"Oh, you really have to try the pasta. It's an Earth classic, and you'll love it, I swe-"
I step outside, head turned towards 'Olan', but stop talking as I take in the view ahead of me. 'Olan' and 'Drav' look like they're behind me on the ship but I feel a breeze as the two Antarians slide past me, and I concentrate on keeping them in my peripheral vision so I can hide them until they reach a wall of the shuttle bay.
There's a man waiting on the other side of the door, flanked by a small contingent of armed soldiers. Trejantisian, all of them. He starts out in Trejantisian but soon switches over to English.
I could be wrong, but he sounds like the 'concierge' I'd spoken to earlier. Huh.
"By the authority of His Majesty, Khivar, True King of the Five Planets, I arrest you, Lieutenant Elizabeth Parker, Earth Ambassador and Advisor to the False Court, for war crimes against Trejantis."
His voice is loud and commanding. It takes every ounce of training I have to stay calm so I can make 'Olan' and 'Drav' rush forward with rapidly charging 'weapons'. But before they fire, they are fired upon, and they fall to the ground, looking extremely dead.
"Retrieve their bodies," the man barks.
But before they get the chance, I step outside the door and close it. It locks with an audible hum, and it will not open again until either I, Olan or Drav speak the codes.
Speaking of which, I can see that they've entered a shaft or something in the wall, and I let that projection drop.
One of the armed soldiers steps forward to open the door behind me, but cannot.
I don't bother hiding my contempt. It makes it easier to push away the fear. "It's sealed, you idiot."
I've let the other projection drop now that no one needs to see the 'bodies', and fight the urge to sit down and rest. My blood chemistry is going nuts, pumping adrenaline like crazy, but this psychic stuff is still a serious drain on a first generation Power like myself.
The man in charge stares at me dispassionately, then turns and begins to walk away.
Immediately I feel a prodding in my back.
"I can take a hint," I say, and allow myself to be pushed along in his wake without too much trouble. I hope Olan and Drav have found good cover, because they're on their own now; I can't do projections if I can't see what I'm 'hiding'. Taking a deep breath, I focus my energies on the confrontation ahead of me.
Khivar likes to make an entrance.
First they make me wait, trying to impress on me just how busy he is and unimportant I am. Then I get to watch his personal guard enter and set a seat for him. Only then does he grace us with his presence, solemnly walking into the mid-sized chamber and taking a seat in a large, ornate chair. Not even Max - or Isabel, for that matter - has anything this gaudy.
Everyone else remains standing, including me, although I think one guard is hoping I'll fall on my knees because he jabs me in the calves with some kind of stick.
Khivar says something in Trejantisian, eyes on me, voice hard. The room empties in seconds. I can't help but be nervous, and I find myself resenting his power over me. But I'm never going to make him lose control if I let him have it all.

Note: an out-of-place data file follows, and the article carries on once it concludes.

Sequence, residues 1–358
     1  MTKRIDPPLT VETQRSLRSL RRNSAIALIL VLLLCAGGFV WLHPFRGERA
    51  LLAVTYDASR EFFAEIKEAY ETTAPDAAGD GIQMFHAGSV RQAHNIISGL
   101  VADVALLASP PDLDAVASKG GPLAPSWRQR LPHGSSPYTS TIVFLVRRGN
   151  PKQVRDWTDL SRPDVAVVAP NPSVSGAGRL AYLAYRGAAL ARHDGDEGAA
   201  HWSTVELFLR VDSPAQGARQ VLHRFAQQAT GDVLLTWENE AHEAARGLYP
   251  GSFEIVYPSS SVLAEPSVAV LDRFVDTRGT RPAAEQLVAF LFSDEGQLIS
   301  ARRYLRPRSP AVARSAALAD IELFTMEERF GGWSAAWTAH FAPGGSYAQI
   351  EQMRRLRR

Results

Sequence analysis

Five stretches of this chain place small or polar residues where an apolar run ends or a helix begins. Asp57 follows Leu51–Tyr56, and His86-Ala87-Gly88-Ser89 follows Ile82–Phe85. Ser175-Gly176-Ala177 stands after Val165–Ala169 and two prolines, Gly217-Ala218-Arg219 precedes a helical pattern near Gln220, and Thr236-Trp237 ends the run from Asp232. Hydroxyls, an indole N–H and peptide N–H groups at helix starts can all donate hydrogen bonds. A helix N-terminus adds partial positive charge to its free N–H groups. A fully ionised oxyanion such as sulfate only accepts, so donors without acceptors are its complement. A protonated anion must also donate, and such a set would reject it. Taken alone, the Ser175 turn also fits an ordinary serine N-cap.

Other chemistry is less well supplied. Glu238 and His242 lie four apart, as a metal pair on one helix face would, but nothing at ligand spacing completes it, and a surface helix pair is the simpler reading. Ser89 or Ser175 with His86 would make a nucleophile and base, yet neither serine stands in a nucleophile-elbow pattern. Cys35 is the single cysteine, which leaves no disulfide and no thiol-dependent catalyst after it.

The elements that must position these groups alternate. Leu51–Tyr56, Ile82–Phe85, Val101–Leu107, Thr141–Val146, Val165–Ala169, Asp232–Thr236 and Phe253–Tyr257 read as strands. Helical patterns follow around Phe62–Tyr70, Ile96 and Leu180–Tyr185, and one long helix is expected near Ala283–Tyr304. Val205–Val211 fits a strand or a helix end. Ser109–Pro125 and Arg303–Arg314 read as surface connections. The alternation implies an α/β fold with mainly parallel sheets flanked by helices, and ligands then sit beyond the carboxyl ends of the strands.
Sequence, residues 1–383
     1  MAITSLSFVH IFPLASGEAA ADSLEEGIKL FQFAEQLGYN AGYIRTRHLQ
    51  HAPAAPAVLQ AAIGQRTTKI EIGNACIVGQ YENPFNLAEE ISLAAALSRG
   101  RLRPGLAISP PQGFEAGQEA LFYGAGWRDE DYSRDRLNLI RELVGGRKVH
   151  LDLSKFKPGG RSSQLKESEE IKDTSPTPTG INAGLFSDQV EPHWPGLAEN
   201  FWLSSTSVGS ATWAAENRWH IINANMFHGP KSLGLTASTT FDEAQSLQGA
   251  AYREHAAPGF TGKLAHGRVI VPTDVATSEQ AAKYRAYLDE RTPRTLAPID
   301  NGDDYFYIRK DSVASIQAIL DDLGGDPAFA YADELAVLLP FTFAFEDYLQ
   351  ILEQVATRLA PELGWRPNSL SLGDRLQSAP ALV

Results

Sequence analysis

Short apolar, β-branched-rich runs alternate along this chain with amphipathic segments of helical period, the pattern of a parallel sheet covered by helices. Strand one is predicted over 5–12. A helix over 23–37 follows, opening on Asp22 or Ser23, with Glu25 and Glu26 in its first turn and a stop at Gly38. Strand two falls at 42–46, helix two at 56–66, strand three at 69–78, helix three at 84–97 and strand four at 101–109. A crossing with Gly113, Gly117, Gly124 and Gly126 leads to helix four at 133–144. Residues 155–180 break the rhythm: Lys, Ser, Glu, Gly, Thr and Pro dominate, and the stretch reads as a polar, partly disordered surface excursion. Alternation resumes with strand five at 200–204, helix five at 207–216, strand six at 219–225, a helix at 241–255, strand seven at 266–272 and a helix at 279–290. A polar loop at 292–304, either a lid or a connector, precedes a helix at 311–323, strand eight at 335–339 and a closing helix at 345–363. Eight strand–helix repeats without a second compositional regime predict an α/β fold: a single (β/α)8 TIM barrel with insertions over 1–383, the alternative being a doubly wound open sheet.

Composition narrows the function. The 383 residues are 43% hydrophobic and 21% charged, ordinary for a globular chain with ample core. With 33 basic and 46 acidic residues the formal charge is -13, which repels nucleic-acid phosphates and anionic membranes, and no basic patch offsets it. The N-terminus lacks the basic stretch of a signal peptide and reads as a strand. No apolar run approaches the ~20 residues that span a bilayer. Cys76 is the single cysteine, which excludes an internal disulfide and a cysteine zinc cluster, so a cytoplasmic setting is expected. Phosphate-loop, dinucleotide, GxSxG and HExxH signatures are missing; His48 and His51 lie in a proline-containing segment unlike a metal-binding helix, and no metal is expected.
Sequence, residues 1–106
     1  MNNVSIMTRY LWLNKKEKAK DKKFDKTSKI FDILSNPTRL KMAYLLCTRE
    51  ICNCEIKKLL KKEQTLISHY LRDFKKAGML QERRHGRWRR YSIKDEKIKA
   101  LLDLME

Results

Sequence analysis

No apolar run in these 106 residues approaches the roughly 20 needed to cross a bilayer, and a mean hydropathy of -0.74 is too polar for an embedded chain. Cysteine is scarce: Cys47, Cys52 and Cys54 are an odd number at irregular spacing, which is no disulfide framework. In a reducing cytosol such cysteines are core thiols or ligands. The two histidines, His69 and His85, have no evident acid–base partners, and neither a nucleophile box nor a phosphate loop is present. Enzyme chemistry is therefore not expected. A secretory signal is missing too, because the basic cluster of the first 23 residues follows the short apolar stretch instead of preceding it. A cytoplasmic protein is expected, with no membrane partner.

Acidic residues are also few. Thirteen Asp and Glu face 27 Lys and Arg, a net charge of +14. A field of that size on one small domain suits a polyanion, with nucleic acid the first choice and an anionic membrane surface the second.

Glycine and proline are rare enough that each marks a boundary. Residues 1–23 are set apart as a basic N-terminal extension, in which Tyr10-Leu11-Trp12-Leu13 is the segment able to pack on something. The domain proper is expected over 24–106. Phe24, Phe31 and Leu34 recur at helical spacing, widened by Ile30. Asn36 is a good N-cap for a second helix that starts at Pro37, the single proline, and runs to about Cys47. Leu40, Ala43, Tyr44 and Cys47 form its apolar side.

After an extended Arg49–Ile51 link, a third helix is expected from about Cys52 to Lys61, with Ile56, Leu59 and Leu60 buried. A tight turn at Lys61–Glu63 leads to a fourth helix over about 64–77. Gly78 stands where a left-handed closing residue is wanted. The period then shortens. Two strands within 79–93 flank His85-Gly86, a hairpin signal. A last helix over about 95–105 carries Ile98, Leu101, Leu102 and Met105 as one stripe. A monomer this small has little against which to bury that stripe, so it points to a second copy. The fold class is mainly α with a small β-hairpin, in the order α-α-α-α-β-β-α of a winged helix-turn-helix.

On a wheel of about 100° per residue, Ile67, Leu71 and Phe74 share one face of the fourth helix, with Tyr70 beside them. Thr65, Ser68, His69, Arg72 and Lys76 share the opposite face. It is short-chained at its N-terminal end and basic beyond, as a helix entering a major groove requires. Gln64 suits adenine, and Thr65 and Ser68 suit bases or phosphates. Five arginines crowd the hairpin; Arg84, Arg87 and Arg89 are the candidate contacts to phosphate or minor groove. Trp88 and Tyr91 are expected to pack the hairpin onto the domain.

I have to keep up the act.
"Yo. What's up, Pretender?" It's all I can do not to laugh at myself. I sound like some street kid back on Earth, flexin' and giving attitude.
His eyes narrow. Well, as much as an Antarian's eyes can. It's more like a squint.
I take a moment to study him a little closer. Like Max, he's starting to show more recessive racial characteristics as he ages. I can see strands of silver Antarian silk streaking through Trejantisian-black hair that weren't in the last intelligence pictures.
Khivar is a hybrid, the offspring of an Antarian-Trejantisian union between two noble houses who cared more about money and power than nation and species. According to the files I read on him, he grew up in the Outer Provinces, far away from the capital cities, and made quite an impression when he was presented at court as a quietly imposing young man.
He's angry at my little jibe, for reminding him that he doesn't belong to one race or the other, for suggesting he has no right to any throne. The irony is that he'll never know I actually admire him in a lot of ways. He'll never know that I've sympathized with him, because I've been the outsider, neither one nor entirely the other, for so long now that I can't remember being otherwise.
He'll never know that Vilandra loved him not for his battle prowess but because she once saw him stop some bullies who were picking on a smaller child. Isabel told me that, one lonely dark night when we didn't know if we'd live to see daybreak.
I'll sure as hell never tell him that in another lifetime, I might have supported him in his cause to re-shape Antarian society. I've studied Antarian history, both what the books say and what they don't, and I think the monarchy had gone bad long before the civil war. It's partly why I never fell into the habit of calling Max 'Zan', because I won't let him get lost in that side of his personality, not if I have any say in the matter.
But I won't condone the war practices of the peoples who support Khivar either. He rallied the Trejantisians knowing full well that their idea of war is to undercut the enemy by destroying food resources and attacking civilians - children, the sick, the elderly - until their society just falls apart. It's cowardly, and maybe I'm prejudiced by the actions of a few but I will forever hold what I've seen against them and him.
"So speaks the whore who came between a king and his queen," he retorts, also in English.
It's all I can do not to laugh. Ooh, like that hurt. "Don't be an idiot," I chide him. "We both know she had him. I was left to pick up the pieces after she screwed up."